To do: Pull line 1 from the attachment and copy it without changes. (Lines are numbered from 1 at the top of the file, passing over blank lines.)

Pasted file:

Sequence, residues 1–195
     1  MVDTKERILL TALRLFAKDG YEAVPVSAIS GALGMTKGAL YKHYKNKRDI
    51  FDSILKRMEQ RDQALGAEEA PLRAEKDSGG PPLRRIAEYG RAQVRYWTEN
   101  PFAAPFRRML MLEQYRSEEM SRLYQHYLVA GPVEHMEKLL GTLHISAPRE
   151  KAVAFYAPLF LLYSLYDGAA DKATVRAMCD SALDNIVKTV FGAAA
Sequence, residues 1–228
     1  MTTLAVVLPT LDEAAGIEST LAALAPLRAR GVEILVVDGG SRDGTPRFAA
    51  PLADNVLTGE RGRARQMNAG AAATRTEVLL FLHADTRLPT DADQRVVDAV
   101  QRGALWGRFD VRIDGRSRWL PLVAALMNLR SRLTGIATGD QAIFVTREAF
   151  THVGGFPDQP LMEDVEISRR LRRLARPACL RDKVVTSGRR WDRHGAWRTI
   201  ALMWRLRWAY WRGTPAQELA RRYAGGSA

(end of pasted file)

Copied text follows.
Sequence, residues 1–195